To maintain peace and harmony in marital life they do it.

48 mumbaikar8 October 5, 2013 at 2:29 am
49 Jignesh Kotadia October 5, 2013 at 12:55 pm

”Lena abhi kashmir hai yeh baat na bhulo
Kashmir pe lehrayenge zanda uchhal ke”

Terrific jagrati is being given to new blood !

50 mumbaikar8 October 29, 2013 at 6:34 pm

In this song from Paisa hi Paisa Rafi starts it on a comedy note but soon Asha joins in on a very sad note followed by Kishore
and finally Lata comes in.
Initially it appears as multiple version song Rafi Asha Kishore and Asha Kishore and Lata but listening to it very
attentively I can feel all four of them singing together in the end
I cannot locate the video of this online and according to MySwar Rafi Asha and Kishore are the singers, I think that is not correct because I hear Lata loud and clear.

Any body with more information on this song?

51 AK October 29, 2013 at 7:24 pm

HFGK also lists Rafi, Kishore Kumar and Asha Bhosle as the singers. You are right 5.09 to 5.50 Lata Mangeshkar’s voice is very clearly audible. Sharp observation!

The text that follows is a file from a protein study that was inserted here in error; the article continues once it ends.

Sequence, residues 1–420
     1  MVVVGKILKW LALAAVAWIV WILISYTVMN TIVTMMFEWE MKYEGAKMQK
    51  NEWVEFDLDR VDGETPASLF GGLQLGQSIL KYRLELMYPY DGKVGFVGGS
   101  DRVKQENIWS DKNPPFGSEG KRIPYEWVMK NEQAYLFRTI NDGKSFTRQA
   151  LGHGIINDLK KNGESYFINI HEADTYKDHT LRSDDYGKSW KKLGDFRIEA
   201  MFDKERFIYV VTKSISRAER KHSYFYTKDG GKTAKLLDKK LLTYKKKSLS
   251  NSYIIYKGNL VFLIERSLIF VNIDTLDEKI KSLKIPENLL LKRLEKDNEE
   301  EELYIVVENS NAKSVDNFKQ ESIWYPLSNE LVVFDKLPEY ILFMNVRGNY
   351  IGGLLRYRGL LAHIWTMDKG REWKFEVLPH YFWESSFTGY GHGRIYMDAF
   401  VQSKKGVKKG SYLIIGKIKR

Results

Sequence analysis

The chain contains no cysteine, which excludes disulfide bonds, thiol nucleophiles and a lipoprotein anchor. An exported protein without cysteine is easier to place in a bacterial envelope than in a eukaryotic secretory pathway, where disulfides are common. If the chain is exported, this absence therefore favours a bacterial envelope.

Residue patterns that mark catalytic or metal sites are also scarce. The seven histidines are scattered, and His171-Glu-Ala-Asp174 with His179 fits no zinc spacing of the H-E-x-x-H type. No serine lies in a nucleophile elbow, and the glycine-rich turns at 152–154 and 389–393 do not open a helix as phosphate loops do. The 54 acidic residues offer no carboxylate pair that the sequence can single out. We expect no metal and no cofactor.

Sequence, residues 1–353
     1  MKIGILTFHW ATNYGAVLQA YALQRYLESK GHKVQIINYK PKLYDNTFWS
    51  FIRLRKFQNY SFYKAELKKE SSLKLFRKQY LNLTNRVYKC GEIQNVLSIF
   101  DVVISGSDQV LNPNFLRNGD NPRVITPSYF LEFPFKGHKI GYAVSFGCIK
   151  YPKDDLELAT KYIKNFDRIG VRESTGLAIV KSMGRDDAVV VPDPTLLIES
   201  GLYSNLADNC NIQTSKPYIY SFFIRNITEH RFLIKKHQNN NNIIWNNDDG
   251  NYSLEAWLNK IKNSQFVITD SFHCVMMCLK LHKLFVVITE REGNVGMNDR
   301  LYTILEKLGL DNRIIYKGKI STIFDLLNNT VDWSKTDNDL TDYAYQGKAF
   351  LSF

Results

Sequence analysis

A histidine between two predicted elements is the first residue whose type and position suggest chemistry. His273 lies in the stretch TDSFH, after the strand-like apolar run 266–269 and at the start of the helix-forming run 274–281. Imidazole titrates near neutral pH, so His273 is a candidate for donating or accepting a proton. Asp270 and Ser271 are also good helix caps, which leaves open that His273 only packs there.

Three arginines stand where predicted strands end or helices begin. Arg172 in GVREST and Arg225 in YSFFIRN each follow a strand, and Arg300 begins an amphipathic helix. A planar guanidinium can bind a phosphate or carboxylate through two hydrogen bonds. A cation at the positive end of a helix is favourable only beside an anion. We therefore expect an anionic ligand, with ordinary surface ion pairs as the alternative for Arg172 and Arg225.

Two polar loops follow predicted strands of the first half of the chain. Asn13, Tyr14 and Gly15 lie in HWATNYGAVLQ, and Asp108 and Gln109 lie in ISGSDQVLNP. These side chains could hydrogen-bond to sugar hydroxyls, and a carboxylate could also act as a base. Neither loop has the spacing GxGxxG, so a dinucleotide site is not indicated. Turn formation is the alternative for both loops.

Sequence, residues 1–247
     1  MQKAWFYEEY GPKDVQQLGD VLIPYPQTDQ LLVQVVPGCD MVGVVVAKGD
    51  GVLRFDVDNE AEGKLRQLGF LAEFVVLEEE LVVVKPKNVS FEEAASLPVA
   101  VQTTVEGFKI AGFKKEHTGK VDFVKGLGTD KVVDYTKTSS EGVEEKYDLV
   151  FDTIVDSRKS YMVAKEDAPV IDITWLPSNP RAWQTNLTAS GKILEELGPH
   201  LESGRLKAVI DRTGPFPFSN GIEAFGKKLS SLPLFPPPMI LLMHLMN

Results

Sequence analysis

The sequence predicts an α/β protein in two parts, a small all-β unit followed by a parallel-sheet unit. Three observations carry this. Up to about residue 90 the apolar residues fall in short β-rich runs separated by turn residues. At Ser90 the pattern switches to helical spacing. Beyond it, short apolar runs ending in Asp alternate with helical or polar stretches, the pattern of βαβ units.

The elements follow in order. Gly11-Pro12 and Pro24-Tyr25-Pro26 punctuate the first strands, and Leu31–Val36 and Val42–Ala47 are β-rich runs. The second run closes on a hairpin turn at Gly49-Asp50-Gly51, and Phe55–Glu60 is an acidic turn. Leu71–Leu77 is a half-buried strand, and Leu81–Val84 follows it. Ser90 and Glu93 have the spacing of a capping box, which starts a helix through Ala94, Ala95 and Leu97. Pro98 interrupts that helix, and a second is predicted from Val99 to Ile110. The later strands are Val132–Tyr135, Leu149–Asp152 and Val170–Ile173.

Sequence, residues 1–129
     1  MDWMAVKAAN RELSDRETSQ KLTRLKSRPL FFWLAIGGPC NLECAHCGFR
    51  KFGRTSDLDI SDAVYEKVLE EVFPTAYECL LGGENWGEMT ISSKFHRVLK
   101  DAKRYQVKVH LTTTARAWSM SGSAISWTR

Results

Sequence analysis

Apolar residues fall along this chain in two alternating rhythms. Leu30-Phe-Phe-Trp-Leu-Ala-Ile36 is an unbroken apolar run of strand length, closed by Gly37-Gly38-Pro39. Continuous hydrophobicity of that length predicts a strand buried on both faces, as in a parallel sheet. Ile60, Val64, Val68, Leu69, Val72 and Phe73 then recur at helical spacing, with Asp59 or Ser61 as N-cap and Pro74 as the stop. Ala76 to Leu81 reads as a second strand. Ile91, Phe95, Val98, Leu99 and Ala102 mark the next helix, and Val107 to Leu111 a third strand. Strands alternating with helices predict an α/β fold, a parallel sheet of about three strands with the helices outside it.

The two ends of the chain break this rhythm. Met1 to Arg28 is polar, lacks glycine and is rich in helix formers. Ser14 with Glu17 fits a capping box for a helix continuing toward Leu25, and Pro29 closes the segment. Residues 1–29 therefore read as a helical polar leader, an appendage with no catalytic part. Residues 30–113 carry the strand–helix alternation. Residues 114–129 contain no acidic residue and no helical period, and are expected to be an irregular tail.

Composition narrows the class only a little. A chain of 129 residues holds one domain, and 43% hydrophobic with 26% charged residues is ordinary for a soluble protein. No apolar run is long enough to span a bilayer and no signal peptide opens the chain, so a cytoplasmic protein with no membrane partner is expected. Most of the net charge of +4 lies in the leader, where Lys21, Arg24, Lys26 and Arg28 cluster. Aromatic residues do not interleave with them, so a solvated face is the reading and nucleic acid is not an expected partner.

52 mumbaikar8 October 29, 2013 at 8:35 pm

And that makes it a rare song.
How many songs do we have where all four diggaj have sung?

53 AK October 29, 2013 at 9:50 pm

Mumbaikar8, If not the same four, there should be many songs with four or more well known voices. However, this is indeed an interesting category.

54 arvindersharma April 13, 2014 at 3:57 pm

A beautiful song from ‘Tasveer’, sung by Asha,
Main teri dil tera re mitwa’ sung in both happy and sad moods under the baton of C.Ramchandra seems to have skipped everyone’s attention.

55 arvindersharma October 11, 2014 at 5:02 pm

Continuing from where I left this post last time, here are both the versions of the song from Tasveer as mentioned above ;
main teri dil tera re mitva-Tasveer:

Main Teri Dil Tera Re Mitwa – Aasha G:

My favorite, famous Naushad/Lata song, ‘Jogan ban jaaungi’ and its variant, ‘Jogan ban aayi hoon’ accompanied by a beautiful she’r,’ Ishq me tere qafni odhi’, from Shabab, both the versions in this link ;
jogan ban jaungi sainya tore karan..Lata_Shakeel …: